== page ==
Over at the Motor Racing Journal, Qwerty has some very interesting thoughts on Max Mosley’s plans for the future of Formula One. Particularly on the controversial move to standard specification engines from 2008 and Mosley’s desire to see car manufacturers develop alternative fuel technologies in Formula One:
For 100 years the emphasis of racing has always been speed, speed and yet more speed. Everything else was secondary. Now it seems the powers deem a cultural shift as a necessity. I’d rather not be a part of that. And for what? To please dirty politicians? … Let Formula 1 and racing in general be about racing technology. And let roadcar technologies like hybrids be the domain of company laboratories and soccer mums.
As much as I appreciate the passion for the sport and the disdain for Mosley’s methods, I can’t say I agree entirely.
But we all know this hasn’t been the case for a long time: Ground effect aerodynamics, turbos, four wheel drive, active suspension, four wheel steering, continuously variable transmission – this is just part of the list of technologies banned from Formula One, some of them decades ago.
After all that, what is so dramatic about freezing engine technology to force power development down an entirely new path?
Yes, the engine freeze has been implemented woefully badly.
Yes, it would have made infinitely more sense to introduce it at the end of the V10’s development life instead of forcing the car manufacturers to go to ridiculous expense of developing new V8 engines – and then freezing them.
But this ‘change of mentality’ that everyone speaks of is crucially important. I adore motor sport but to think it can exist in a hermetically sealed bubble, untouched by politics, economics or the environment would be tragically naive.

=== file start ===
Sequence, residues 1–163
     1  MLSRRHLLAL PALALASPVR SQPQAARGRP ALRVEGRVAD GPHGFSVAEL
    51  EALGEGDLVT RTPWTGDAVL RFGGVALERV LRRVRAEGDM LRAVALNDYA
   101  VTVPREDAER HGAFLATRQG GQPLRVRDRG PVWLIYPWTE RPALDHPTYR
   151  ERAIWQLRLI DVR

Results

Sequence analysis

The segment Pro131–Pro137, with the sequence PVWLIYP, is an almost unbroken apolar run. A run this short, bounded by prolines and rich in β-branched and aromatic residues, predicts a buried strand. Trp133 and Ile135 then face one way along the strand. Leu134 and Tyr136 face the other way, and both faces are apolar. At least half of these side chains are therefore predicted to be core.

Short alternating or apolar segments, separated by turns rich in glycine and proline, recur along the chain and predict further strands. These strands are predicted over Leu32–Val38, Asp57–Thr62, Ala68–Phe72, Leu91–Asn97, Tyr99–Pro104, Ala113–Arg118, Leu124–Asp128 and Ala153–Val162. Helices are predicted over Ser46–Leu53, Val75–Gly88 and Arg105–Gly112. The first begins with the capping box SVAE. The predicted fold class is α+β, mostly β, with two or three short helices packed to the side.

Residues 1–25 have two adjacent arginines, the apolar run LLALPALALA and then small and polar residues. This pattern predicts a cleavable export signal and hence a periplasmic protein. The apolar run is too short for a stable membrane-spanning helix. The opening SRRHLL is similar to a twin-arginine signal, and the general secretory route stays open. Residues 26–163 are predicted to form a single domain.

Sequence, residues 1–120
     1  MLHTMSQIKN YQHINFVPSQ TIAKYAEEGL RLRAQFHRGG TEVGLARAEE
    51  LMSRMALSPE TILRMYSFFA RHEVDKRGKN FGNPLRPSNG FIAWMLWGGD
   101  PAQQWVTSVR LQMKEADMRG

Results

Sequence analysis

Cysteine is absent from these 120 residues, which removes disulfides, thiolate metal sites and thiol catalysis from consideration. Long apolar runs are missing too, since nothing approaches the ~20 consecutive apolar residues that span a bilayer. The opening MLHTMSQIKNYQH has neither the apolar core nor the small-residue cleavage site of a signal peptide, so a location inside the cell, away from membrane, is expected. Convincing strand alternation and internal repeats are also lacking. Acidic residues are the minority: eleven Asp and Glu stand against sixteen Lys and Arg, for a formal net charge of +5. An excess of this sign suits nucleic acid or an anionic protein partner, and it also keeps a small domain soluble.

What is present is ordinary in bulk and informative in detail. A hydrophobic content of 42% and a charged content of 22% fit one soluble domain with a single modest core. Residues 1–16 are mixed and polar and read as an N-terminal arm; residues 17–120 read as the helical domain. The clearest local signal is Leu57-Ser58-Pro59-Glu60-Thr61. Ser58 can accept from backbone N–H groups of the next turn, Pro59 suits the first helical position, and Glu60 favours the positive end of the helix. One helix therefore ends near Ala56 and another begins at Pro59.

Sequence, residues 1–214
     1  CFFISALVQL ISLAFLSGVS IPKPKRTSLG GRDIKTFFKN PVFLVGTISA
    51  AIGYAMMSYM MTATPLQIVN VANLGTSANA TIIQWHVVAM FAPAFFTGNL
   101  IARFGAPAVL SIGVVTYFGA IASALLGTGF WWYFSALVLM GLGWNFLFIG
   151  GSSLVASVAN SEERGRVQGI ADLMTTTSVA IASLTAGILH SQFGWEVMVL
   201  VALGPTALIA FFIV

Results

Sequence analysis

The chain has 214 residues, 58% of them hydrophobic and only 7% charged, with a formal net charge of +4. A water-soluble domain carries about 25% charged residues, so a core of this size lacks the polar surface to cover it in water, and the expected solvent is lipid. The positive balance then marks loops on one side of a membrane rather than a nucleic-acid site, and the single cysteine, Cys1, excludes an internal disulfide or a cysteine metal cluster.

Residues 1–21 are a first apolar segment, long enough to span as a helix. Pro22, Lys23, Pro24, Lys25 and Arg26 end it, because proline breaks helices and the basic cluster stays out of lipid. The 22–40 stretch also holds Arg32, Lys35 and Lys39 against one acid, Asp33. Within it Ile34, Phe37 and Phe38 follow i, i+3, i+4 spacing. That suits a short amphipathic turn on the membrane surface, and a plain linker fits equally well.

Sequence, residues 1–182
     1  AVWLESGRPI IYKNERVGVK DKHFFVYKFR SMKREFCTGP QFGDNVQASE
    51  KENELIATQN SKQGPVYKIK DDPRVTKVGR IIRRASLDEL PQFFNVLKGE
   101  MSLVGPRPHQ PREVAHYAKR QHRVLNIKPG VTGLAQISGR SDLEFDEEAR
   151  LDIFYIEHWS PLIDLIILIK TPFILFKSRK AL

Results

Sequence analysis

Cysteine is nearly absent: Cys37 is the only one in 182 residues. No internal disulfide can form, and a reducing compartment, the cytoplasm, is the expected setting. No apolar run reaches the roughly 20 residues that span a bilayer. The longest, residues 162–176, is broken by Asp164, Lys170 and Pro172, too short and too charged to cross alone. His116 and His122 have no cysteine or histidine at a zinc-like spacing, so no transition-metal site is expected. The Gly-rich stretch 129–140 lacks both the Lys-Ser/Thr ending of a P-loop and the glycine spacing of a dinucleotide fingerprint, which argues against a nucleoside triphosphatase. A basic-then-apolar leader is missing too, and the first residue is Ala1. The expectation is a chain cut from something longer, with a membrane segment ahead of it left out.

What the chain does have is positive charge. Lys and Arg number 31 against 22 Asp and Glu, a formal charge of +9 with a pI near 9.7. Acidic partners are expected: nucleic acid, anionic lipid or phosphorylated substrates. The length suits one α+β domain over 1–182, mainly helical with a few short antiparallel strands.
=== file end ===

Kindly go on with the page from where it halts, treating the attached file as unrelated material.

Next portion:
Think about it. Have you seen a single half-hour news bulletin this year that didn’t mention either the crisis in the Middle East – source of most of the world’s oil – or climate change, if not both?
Is it not therefore critical that F1 safeguards itself against the threat of an energy and/or pollution crisis? This week’s Autosport gives twelve pages over to arguing this very point.
Does the freezing of engine specifications pose the threat of Formula One no longer being seen as the pinnacle of motoring technology? If so, then the opportunities presented for Formula One teams’ development capabilities to be channeled into something as revolutionary as developing new power sources are even greater.
From the 1960s to the 1990s motor sport moved through a change of mentality where the mainstream perception of driver fatalities in motor sport went from being unremarkable to shocking and abhorrent. I see the adoption of new propulsion technologies in the same terms – something that Formula One must eventually accept – or perish.